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Teen Diaries and the Power of Being Your Own Storyteller

Monday, May 06, 2013

Sixteen years ago, producer Joe Richman gave group of teenagers tape recorders and asked them to report on their own lives. Armed with recording equipment, they told their stories, and "Teenage Diaries" -- compelling radio that gave listeners an unexpected lens into the lives of ordinary teens -- was born.


'Top Secret America': How Safe Are We?

Tuesday, April 30, 2013

After 9/11, the Bush administration vowed to do everything in its power to prevent another attack. But more than a decade later -- and after billions of dollars have been spent on counter-terrorism efforts -- are we safer? "Top Secret America: 9/11 to the Boston Bombings," a FRONTLINE documentary airing tonight, explores this question. The documentary follows the reporting of Dana Priest, Pulitzer Prize-winning investigative reporter for The Washington Post.  


That's So Miami: Finding Poetry in City Life

Monday, April 29, 2013

April is National Poetry Month, and to celebrate the occasion, our friends at WLRN have been asking for local poetry that captures the texture of their city: Miami, Florida. Scott Cunningham, co-founder the city's biennial poetry festival, "O, Miami," talks about hometown pride, and finding poetry in everyday exchanges.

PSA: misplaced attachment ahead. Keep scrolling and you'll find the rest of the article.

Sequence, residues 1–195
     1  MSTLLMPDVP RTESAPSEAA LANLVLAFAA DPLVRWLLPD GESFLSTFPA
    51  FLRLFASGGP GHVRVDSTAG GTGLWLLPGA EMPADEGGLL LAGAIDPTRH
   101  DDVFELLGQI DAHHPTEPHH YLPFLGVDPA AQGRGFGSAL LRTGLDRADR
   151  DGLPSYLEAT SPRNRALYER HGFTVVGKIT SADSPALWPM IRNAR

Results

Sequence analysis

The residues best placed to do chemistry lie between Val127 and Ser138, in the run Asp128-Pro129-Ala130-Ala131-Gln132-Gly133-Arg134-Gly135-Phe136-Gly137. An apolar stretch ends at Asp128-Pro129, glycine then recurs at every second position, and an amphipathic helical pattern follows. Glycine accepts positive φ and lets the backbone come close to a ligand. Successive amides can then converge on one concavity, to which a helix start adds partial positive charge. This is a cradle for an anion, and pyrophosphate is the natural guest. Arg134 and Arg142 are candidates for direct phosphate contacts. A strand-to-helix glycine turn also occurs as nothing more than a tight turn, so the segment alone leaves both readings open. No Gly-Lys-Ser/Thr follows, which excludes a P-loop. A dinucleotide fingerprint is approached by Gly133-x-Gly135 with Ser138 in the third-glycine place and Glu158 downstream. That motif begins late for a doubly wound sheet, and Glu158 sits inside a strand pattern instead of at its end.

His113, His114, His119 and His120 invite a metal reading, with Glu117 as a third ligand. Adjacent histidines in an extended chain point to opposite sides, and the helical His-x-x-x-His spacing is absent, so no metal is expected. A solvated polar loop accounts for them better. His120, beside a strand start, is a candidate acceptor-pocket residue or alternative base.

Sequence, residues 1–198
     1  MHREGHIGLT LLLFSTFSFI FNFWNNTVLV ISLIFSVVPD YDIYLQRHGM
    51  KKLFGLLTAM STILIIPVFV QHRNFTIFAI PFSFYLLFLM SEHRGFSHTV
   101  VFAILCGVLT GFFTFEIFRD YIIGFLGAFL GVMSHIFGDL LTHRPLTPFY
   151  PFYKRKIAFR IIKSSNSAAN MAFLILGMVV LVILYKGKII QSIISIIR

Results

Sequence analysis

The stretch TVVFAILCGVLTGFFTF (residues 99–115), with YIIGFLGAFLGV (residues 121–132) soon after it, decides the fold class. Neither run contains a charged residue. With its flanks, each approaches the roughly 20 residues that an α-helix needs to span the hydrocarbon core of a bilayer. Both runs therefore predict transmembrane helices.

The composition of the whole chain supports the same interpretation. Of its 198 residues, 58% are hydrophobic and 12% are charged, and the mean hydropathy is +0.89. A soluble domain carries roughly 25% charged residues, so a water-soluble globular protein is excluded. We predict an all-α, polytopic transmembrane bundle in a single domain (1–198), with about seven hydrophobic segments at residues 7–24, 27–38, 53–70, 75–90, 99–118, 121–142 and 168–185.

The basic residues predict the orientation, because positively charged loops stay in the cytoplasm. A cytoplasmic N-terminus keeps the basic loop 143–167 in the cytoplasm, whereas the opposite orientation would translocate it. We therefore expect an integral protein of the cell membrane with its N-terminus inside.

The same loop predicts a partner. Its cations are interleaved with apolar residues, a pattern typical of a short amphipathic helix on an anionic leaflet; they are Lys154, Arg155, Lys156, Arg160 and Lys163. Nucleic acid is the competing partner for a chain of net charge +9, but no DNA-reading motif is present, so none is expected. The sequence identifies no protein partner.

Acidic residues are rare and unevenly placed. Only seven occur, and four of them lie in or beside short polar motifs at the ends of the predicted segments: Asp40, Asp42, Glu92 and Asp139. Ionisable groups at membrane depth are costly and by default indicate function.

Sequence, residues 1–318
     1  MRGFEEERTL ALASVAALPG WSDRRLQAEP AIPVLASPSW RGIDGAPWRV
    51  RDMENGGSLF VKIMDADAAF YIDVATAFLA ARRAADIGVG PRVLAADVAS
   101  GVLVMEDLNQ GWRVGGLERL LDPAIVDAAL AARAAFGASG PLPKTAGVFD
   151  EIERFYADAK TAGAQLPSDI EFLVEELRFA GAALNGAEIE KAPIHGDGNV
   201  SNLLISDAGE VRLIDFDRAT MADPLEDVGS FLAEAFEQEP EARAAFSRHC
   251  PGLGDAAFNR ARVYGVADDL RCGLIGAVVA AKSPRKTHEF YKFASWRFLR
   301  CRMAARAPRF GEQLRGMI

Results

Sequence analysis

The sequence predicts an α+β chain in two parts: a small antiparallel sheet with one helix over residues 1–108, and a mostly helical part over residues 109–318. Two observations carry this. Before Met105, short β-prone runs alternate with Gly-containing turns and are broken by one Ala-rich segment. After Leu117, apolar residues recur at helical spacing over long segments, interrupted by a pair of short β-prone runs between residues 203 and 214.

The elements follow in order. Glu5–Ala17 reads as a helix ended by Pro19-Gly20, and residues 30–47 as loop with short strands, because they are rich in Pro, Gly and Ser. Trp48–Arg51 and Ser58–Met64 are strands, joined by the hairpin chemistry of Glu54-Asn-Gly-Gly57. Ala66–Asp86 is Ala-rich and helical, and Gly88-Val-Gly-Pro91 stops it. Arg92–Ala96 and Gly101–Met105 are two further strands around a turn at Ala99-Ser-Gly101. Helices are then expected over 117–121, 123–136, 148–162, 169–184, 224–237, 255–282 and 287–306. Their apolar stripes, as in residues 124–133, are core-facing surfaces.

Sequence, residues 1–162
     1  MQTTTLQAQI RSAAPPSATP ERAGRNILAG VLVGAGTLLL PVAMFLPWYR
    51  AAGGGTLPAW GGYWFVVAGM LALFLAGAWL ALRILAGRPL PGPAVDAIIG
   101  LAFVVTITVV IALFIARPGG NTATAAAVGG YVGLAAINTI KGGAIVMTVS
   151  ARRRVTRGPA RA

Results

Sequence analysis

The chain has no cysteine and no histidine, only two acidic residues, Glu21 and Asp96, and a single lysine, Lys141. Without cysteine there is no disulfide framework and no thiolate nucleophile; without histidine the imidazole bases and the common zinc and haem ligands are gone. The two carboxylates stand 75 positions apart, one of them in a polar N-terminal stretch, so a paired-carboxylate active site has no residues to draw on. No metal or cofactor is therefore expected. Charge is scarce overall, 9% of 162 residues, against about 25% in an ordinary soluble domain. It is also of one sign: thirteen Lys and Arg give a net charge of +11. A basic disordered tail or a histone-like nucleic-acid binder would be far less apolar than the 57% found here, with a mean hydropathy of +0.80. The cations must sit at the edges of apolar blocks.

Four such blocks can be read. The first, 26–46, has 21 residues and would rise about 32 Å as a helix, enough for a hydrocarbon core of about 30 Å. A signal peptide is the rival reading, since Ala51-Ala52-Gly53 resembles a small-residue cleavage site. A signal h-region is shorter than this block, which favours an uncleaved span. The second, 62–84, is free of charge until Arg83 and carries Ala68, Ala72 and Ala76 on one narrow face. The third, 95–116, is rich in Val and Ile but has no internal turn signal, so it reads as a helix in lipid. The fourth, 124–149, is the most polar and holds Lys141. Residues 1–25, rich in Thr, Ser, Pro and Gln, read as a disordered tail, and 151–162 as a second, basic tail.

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The Value of a Neighborhood

Friday, April 26, 2013

We've been talking this week about the importance of getting to know your neighbors. Why is it important to know our neighbors? And how does it help us become a better society? Peter Lovenheim, author of the book "In the Neighborhood," set out to answer those questions in an intensive study of his own neighborhood.

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A New History Puts a Critical Eye to Florida's Past

Tuesday, April 23, 2013

Earlier this month, Florida celebrated the 500th anniversary of explorer Ponce de León’s discovery of the state. In new book, "Finding Florida," T. D. Allman takes a critical look at the forces that shaped that state — starting with Ponce de Leon.

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America's Relationship with Marijuana

Monday, April 22, 2013